METHUEN -- The stately brick building on the banks of the Spicket River south of town looks like a church, and not even the nondescript Methuen Memorial Music Hall sign hints at the treasure that is inside.
What draws devotees to the Merrimack Valley every summer is the pipe organ, an E.F. Walcker and Co. model made in Germany for the Boston Music Hall, where it was installed in 1863 as the nation's first concert organ. In 1884, it was put into storage until Methuenite Edward F. Searles bought it at auction in 1897 and commissioned Henry Vaughan , the famous church architect , to design a building to house it.
Today the nonprofit Methuen Memorial Music Hall, Inc., founded in 1946, owns the 97-year-old property and presents recitals by organists from around the world every Wednesday from late May through August as well as other special programs.
The hall's interior is impressive: marble floors, a 65-foot Roman barrel vault ceiling , gilded accents, Corinthian pilasters, and oak panels. The organ's silvery display pipes soar above an elaborately carved black walnut case. There is a bust of Bach and two 12-foot-tall Atlases stand guard at the organ's base; a pair of cherubs look down from on high. But it's the organ's 6,027 pipes, 84 stops, five divisions, and 115 ranks that can raise the roof.
Edward J. Sampson Jr., president of the hall's board of trustees and author of ``The Great Organ," said Searles and his friends played the organ for pleasure, never for the public. ``I often tell people Mr. Searles had the equivalent of a 5.1 Dolby Digital surround sound system," Sampson said.
``It's a wonderful instrument to play," organist Gretchen E. Longwell said from her Salem, Ore., home. ``Each of the four keyboards has its own division, so it's like playing several small organs. It has lots of versatility." She demonstrated that attribute this month, playing modern French and contemporary US composers, among them Jean Langlais, James Woodman, Samuel Adler, and Adolphus Hailstork.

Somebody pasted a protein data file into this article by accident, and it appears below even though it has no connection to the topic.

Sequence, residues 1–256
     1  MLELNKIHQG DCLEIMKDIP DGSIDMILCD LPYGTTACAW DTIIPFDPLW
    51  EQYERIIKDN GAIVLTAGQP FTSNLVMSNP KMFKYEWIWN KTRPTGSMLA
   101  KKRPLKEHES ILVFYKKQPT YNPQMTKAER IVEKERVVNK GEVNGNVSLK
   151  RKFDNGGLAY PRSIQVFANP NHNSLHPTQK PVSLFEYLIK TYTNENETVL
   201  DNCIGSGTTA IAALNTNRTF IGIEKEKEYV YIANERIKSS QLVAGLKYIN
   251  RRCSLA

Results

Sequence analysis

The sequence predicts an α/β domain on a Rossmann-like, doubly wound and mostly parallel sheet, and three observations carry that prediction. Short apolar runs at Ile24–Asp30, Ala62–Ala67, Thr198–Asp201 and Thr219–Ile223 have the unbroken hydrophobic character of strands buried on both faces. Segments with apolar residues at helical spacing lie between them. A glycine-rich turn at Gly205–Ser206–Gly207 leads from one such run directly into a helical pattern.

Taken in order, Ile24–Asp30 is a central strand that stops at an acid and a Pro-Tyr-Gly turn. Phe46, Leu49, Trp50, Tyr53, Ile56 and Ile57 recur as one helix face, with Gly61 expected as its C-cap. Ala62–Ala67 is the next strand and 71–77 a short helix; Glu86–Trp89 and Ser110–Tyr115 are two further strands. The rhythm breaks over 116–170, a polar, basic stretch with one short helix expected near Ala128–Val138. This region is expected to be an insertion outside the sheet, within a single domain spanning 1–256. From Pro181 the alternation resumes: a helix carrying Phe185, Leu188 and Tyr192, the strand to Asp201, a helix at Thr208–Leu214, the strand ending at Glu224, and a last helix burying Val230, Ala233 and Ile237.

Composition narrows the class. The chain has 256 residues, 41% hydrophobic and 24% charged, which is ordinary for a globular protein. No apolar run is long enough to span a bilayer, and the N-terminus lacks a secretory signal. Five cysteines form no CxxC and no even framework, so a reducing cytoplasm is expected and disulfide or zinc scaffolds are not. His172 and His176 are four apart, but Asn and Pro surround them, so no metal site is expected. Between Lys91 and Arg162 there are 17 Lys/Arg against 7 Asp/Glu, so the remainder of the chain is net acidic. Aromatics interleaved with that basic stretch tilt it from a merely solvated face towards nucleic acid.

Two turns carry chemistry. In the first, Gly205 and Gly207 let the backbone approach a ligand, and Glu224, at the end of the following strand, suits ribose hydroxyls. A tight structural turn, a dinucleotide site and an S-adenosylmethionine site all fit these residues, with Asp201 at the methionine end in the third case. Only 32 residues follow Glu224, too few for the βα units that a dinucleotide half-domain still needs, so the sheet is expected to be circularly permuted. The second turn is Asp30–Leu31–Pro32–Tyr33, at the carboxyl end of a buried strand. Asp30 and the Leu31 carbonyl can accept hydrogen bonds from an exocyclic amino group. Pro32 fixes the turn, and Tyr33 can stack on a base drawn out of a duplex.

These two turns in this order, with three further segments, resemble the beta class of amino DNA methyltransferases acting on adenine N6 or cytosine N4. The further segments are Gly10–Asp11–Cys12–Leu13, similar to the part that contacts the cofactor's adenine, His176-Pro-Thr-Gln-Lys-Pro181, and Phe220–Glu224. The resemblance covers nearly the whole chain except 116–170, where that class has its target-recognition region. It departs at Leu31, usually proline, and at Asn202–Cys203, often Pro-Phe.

``I like Methuen because it's a well-attended recital series so I present work from the repertoire that's not normally performed," Longwell said. ``Woodman is from Boston and I love to play his choral music."
Rehearsal time is a necessity, said Wilma Jensen, a June recitalist, from her home in Nashville. ``Organists need to spend major time getting the best sound from an instrument. I like the challenge of trying to conquer the instrument." Jensen's program featured French Romantic composers to suit the organ's French concert pitch. Among the works was Charles-Marie Widor's "Symphony No. 6 in G minor, Op. 42, No. 2," a piece she played in the fall at Notre Dame in Paris.
After Searles's death in 1920, the complex stayed in private hands until local organ builder Ernest M. Skinner bought it in 1931 and performed the first public concerts. Financial problems and World War II silenced the organ again until eight local citizens formed the nonprofit, raising money through recitals, CD sales, and hall rentals.
Flooding in May left 5 feet of water in the basement and destroyed electrical and fire alarm systems, and the organ blower and motor, among other items. Sampson said the music hall needs to raise $30,000 in donations to cover the damage.
A ponderous note, but its fans believe the organ can play it.
Contact Jan Shepherd, a freelance writer in Boston, at firstname.lastname@example.org.